|10-19-2012 05:23 PM|
Purely conjecture on my part, but I think last quarters bad performance (for the entire tech industry) was only a contributing factor, not a primary one. Here's why:
AMD was forced to write down Llano because it has launched Trinity and made its stock obsolete overnight. Think about it for a second... the LLano chips are NOT worthless, they just lost most of their estimated book value. Now what was the average Llano selling price? Llano launched between $50 and $130. Assuming they wrote the value down by HALF, how many $90 dollar Llano chips would it take to reach $100 million in value? How about a freaking TON.
Even if AMD zeroed out their value of Llano inventory, that is still a considerable amount of Llano silicon processors, equivalent to a years supply worth than a single quarter. $100 million write-down divided by an average $90 valuation gives an estimated 1,111,111 Llano chips... if you assume they didn't zero-out the value, then it would be even higher. This also assumes they didn't write down the value previously since launch, because hey AMD did drop Llano prices multiple times.
|10-19-2012 09:36 AM|
I dunno that it missed its target, it may be in part due to the reduced demand that has been seen recently.
I know Llano is pretty good in laptops that dont have full GPUs since it pwns Intel's iGPU. What they need to do is get within ~10% of Intel's CPU capabilities, reason I say that is that then it wouldn't be a choice between better GPU or better CPU, currently if I was looking for a new laptop chances are I would go with something with an Intel CPU and a cheap lowend dedicated GPU. That said Llano is decent just needs a bit more CPU power.
|10-19-2012 05:53 AM|
Here's some evidence Llano/Trinity may have missed the target markets:
|10-17-2012 08:19 PM|
Those are some interesting counter-points. I admit it's always easier to criticize something than to find points to defend it with, so I enjoyed reading your article Brett.
I'd like to make a few counter-points of my own however!
When a company shuns a website for not playing along and sends other sites review samples, then it only affects that single site. Not the entire industry, which is what occurred here. Readers of the site in question are free to decide of it what they will. If a company plays hardball with Anandtech or Tech Report then it's probably a company whose products I wouldn't want to use. The point is there is still free market in play here. And vice-versa, if the website did something a company thought was unfair, I'm still free to determine that myself and if so I could decide to change to reading a competing website.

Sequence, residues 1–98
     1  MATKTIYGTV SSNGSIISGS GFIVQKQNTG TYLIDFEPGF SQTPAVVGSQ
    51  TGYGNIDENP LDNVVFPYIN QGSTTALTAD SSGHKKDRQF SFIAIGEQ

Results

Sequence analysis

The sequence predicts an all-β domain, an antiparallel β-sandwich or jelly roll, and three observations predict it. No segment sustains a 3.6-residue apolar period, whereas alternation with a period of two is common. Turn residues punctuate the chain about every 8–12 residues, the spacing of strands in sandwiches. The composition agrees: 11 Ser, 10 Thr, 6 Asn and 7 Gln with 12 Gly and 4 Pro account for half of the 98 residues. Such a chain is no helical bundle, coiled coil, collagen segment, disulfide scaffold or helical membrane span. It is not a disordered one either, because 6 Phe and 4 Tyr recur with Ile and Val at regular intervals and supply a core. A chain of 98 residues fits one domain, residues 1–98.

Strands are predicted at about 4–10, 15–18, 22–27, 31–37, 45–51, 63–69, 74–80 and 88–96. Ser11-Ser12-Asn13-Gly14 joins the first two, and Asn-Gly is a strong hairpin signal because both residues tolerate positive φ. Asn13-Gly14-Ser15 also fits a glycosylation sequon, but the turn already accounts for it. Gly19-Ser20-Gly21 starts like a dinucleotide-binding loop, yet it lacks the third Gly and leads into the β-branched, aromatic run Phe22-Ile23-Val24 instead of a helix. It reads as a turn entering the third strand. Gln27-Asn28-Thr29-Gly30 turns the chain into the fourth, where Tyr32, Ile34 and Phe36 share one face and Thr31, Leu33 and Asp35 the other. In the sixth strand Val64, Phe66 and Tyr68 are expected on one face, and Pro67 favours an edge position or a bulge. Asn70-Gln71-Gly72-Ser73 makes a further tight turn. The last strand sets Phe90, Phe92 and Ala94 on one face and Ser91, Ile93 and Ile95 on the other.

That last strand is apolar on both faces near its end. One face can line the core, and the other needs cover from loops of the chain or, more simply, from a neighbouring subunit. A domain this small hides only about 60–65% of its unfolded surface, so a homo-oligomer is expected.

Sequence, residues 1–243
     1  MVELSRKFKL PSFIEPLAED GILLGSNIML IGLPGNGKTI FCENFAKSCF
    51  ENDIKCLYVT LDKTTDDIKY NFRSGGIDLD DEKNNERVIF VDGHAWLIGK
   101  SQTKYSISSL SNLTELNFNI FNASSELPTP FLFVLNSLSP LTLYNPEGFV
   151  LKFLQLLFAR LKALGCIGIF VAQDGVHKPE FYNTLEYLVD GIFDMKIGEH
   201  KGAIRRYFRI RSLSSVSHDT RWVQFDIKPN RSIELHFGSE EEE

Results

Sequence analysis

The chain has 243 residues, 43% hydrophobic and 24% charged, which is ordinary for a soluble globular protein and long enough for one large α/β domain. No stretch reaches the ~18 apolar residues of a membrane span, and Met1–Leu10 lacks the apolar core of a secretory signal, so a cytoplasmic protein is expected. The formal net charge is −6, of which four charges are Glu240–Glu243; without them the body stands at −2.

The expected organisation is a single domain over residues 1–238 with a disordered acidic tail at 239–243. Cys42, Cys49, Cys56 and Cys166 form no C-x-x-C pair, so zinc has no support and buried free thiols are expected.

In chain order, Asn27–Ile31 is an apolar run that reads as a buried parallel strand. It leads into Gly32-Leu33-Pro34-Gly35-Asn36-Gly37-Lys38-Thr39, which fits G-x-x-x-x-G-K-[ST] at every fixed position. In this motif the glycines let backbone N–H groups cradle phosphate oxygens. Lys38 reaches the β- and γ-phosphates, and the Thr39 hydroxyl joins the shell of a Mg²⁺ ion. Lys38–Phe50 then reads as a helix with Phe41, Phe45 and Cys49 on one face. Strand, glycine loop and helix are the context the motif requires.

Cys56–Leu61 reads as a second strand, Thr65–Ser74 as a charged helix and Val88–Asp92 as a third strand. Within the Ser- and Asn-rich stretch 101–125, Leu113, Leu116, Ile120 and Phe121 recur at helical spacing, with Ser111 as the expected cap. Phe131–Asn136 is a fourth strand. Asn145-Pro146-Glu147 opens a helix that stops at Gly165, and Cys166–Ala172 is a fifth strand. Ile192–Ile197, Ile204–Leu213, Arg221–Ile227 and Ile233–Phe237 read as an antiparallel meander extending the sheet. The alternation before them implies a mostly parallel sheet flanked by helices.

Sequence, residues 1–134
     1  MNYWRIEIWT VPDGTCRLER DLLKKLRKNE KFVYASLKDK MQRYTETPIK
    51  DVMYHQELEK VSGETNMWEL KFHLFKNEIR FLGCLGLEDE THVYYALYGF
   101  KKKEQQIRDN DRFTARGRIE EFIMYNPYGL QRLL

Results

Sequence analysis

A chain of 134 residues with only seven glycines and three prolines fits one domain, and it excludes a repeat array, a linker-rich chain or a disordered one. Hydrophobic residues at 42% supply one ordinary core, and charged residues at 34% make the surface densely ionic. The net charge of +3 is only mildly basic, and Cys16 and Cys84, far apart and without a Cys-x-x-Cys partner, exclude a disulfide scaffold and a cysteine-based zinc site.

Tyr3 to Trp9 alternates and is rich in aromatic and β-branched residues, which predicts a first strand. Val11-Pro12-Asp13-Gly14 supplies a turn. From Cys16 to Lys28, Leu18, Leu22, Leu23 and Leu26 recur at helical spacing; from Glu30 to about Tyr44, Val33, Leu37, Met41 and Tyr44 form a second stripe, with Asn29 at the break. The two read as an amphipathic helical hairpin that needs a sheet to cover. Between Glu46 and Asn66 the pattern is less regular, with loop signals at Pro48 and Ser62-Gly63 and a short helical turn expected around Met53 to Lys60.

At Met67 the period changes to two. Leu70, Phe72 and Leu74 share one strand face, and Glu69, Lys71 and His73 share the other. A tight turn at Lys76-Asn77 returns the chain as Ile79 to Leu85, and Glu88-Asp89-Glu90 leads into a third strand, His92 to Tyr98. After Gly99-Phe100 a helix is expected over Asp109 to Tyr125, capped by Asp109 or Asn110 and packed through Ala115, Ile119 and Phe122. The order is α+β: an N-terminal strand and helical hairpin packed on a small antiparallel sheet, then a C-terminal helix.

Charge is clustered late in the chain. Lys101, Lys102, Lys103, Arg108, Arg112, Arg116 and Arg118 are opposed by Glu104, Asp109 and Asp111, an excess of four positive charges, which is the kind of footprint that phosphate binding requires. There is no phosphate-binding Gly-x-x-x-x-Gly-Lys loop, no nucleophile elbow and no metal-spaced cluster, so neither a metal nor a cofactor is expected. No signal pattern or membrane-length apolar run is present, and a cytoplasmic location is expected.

In this situation AMD found a way to game the system. If the site publishes only half the story, AMD gets to manipulate first-impressions and more importantly capitalize on the early readership that won't be coming back to read the second half of the story. (I liked how a few sites labeled it as a full review to capitalize on this)
If the site does not publish the review, then they get penalized by a loss in readership (aka revenue) and secondly their competition will see an increase in readership. They first lose readers from the launch-day article, but they will also receive fewer readers when they do eventually release a full article at a future date. It's only anyone's guess as to how many of those same readers would make their switch to a different site a permanent change, but for readership that only reads tech sites for launch day articles, I would have to wonder.
As for my opinion of Trinity... (completely my opinion and not that of Techgage)
...for the mobile market the GPU performance is needed. But for desktops I do feel it has missed its niche. It's still not strong enough to make it suitable for gaming at 1080p (it's a desktop, gamers most likely are already buying a midrange GPU or may have one laying around that performs better). Users won't be buying it for its CPU performance either (the Core i3 3220 costs the same with 12% higher single-threaded performance, which the majority of programs perform best with). Finally, the CPU power consumption under load is 10 watts under double that of the i3 3220. This is important because it limits the chip from a portion of the very same HTPC and SFF market it is targeting. Again it depends on the type of user, since there's a wide diversity in the HTPC market. Some load leave a sustained load on the CPU and use it their HTPC as a general purpose server, others use it for video transcoding, some for gaming. Others leave the CPU completely idle.
The key point here is how we personally view the gamer/gaming market, and the HTPC/SFF users/market, as those views will decide how we feel Trinity meets the needs of these markets.
If gaming at 720p resolution with medium graphics detail and no AA/AF is gaming, then Trinity excels and is definitely a better buy than any Intel IGP. But if someone was actually buying this chip for gaming use, I feel it's more likely they would be gaming at the resolution of a desktop monitor (1080p) and would want settings other than "low detail" @ 30 FPS.
|10-13-2012 05:00 PM|
|Kayden||great article Brett! The truth, it be spoken at TG. (c;|
|10-11-2012 01:28 PM|
TD!!! Wow, I had started to think you've disappeared altogether! :-)
Thanks for the love. :-)
|10-10-2012 09:04 PM|
|Rob Williams||You know an editorial is good when it brings T-D out of the woodwork!|
|10-10-2012 04:23 PM|
*VERY* well put! Amen to that!
|10-09-2012 10:02 PM|
Playing the Game
AMD's recent Trinity launch has turned a lot of heads thanks to its split NDA. Many journalists are calling "foul" due to the way it plays on our current press coverage, but Brett has a different perspective. He believes that this is not only good business, but (at least with this launch) better for the consumer. Read on to understand why.
Read through Brett's latest editorial and then discuss it here!